Children returning to Spain’s streets after lockdown eased

By Victoria Moreno

Madrid, May 13 (efe-epa).- Six-year-old Zöe González could barely contain her excitement as she fastened up the straps of her helmet and grabbed her scooter before leaving her home for the first time in over a month and a half.

She is just one of the six million children in Spain who are finally allowed outside again after being forced to spend over six weeks stuc k at home under one of Europe’s strictest shutdowns to contain the coronavirus pandemic.

“Zöe was very excited because she really wanted to go outside. The first thing she asked was if we could go to see her grandmother,” Evelyn Bestilleiro, Zöe’s mother, tells Epa-Efe.

Bestilleiro was convinced that after almost 50 days locked up in their flat in Madrid, her child would forget security rules during the walk but, on the contrary, “she was really careful, she didn’t touch anything and kept herself away from others.”

Keeping a minimum distance of 2 meters between people and wearing face masks if possible are among the key rules during the gradual lockdown de-escalation, as well as maintaining children’s play areas closed.

The first dose of fresh air was followed by an immediate sense of terror, “it was like being in an apocalyptic movie” since “the trees’ roots have grown beneath the sidewalk,” Bestilleiro says.

She was surprised to see how much grass had grown in the nearby park and “how abandoned the streets were, full of leaves and pollen.”

Spain allowed children under the age of 14 to go outside again for the first time at the end of April, as the government began loosening strict nationwide restrictions amid declining numbers of deaths and infection rates.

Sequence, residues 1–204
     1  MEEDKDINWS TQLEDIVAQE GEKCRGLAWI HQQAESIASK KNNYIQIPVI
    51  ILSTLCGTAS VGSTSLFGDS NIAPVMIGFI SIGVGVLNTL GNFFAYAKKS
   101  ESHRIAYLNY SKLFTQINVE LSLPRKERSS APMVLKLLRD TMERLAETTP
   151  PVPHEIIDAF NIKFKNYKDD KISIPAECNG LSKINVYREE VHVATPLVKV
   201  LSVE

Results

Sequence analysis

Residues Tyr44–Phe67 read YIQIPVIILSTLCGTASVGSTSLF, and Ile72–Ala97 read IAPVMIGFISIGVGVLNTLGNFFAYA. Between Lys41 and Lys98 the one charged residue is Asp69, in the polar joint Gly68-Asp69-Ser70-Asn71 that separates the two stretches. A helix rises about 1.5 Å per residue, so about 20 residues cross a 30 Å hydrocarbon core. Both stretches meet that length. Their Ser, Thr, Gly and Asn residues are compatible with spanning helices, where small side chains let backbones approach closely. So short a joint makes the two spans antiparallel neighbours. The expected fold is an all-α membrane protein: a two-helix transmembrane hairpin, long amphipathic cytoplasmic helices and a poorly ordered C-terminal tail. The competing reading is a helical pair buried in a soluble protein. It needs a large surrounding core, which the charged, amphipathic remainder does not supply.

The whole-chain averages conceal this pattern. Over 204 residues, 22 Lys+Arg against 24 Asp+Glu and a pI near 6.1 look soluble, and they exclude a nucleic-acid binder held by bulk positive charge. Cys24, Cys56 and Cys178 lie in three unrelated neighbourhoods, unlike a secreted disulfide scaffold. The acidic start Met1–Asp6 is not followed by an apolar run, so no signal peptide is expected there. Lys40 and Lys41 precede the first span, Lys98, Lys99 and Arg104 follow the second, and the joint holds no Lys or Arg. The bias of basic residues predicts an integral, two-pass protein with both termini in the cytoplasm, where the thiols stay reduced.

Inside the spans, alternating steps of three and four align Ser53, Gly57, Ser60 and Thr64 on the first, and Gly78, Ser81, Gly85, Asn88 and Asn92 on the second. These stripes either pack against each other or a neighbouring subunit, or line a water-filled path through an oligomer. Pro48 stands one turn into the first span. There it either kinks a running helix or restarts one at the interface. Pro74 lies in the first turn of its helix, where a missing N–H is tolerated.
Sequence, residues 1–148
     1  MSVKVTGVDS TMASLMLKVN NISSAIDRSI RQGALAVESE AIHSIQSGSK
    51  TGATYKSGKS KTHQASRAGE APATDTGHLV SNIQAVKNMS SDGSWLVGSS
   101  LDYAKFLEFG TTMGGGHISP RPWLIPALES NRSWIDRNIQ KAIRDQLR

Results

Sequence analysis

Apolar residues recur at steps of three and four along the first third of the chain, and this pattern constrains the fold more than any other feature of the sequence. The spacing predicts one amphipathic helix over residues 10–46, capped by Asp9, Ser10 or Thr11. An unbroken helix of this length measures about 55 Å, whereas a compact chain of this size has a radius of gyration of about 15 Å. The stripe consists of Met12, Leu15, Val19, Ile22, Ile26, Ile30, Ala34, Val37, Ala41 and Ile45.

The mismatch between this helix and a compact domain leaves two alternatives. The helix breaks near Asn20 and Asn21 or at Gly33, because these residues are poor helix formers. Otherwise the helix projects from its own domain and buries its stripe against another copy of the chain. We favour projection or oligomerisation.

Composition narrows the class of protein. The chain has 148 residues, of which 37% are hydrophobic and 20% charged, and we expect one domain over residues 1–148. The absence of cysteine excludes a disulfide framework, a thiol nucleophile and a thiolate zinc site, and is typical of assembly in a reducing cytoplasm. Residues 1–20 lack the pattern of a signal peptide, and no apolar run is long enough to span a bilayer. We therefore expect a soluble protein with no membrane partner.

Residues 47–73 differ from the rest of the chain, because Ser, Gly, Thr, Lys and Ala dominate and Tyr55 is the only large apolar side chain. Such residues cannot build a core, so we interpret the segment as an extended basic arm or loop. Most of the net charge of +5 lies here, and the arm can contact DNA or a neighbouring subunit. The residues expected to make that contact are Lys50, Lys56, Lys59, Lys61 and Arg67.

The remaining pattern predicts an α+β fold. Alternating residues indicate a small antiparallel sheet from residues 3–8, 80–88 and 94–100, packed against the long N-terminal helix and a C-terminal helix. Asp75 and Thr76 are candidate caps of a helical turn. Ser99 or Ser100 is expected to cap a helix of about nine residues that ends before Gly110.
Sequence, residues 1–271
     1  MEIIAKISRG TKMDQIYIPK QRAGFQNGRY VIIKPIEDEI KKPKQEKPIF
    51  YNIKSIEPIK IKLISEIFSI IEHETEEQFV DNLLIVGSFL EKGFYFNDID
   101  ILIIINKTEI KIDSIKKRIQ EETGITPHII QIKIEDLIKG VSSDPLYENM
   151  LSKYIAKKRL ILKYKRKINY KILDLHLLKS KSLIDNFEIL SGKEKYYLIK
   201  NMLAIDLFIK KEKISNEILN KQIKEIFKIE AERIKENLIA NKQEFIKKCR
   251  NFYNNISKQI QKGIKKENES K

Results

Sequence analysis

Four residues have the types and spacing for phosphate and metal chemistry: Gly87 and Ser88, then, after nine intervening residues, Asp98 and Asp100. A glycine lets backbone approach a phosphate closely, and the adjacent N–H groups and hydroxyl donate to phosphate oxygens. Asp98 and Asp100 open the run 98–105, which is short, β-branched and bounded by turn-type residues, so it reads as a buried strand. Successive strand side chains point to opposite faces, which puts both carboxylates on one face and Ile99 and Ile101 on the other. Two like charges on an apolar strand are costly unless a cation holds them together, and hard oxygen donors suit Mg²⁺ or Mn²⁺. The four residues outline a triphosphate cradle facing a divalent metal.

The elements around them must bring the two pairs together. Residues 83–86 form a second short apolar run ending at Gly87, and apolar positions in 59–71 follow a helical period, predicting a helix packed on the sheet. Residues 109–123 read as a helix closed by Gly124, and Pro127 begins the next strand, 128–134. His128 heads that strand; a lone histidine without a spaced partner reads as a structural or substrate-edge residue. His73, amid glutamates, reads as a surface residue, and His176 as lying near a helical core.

Kids were soon followed by teenagers and adults who, since 2 May, have been allowed to go out for walks within a one-kilometre radius of their home and go for runs within their town or city— gyms are expected to be fully open but limited to 30 per cent capacity in Phase 3.

Allowing children to go outside once per day was a first step for the ‘new normalcy’: life after Covid-19.

“Kids have to go out because the physical movement is one of their basic needs. They need to move their bodies, run, jump and have contact with nature,” Cecilia Martín Sánchez, psychologist and director of Psicode, says.

But Martín insists that following the epidemiologists’ criteria on avoiding deaths is more of a priority than attending to children’s needs, referring to parents and paediatricians who were pressuring authorities to relax the ban on children under 14 leaving the house.

For parents whose babies were born amid lockdown, going outside meant a sense of genuine liberation after long, consecutive days and weeks of diaper changes and midnight bottle feeding.

“It was thrilling, I had a real sense of freedom,” says Raquel Fernández, mother of baby Hugo, who was born on March 13, just one day before the Spanish government declared the state of alarm.

Almost two months after arriving at home from the hospital, Hugo was finally allowed to go for his first outing.

“For the first time, he didn’t refuse to stay in the pram. At home he never wanted it. Fresh air and different noises and sensations were great for him, he seemed to be quite relaxed,” says Fernández, who also confesses being scared of going outside at the beginning.

This single mother decided to spend the lockdown in her parents’ house, where now there are 5 people living together, including her 88-year-old grandmother.

Gatherings and social interactions, such a fundamental part of Spanish life, are also crucial for children, experts say, as they need to spend time with other kids and their closest relatives.

“A lack of social contact makes people feel sad and down. For children, social contact is even more important than for adults since it’s key for their development,” Martín points out.

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